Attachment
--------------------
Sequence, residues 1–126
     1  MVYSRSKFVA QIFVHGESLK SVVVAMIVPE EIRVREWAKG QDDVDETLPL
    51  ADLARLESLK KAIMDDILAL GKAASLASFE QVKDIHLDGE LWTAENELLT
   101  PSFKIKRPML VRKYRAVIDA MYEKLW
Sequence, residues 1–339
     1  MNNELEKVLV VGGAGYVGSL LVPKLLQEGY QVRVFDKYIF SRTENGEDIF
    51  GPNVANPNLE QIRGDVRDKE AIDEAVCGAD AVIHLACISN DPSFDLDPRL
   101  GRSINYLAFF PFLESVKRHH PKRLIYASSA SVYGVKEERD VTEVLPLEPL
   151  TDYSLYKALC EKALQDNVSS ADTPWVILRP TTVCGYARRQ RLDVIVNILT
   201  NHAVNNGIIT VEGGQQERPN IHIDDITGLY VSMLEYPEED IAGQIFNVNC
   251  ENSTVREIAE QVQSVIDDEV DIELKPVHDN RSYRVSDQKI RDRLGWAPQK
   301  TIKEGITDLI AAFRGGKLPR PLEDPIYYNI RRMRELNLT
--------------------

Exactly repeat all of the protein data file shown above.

Sequence, residues 1–126
     1  MVYSRSKFVA QIFVHGESLK SVVVAMIVPE EIRVREWAKG QDDVDETLPL
    51  ADLARLESLK KAIMDDILAL GKAASLASFE QVKDIHLDGE LWTAENELLT
   101  PSFKIKRPML VRKYRAVIDA MYEKLW
Sequence, residues 1–339
     1  MNNELEKVLV VGGAGYVGSL LVPKLLQEGY QVRVFDKYIF SRTENGEDIF
    51  GPNVANPNLE QIRGDVRDKE AIDEAVCGAD AVIHLACISN DPSFDLDPRL
   101  GRSINYLAFF PFLESVKRHH PKRLIYASSA SVYGVKEERD VTEVLPLEPL
   151  TDYSLYKALC EKALQDNVSS ADTPWVILRP TTVCGYARRQ RLDVIVNILT
   201  NHAVNNGIIT VEGGQQERPN IHIDDITGLY VSMLEYPEED IAGQIFNVNC
   251  ENSTVREIAE QVQSVIDDEV DIELKPVHDN RSYRVSDQKI RDRLGWAPQK
   301  TIKEGITDLI AAFRGGKLPR PLEDPIYYNI RRMRELNLT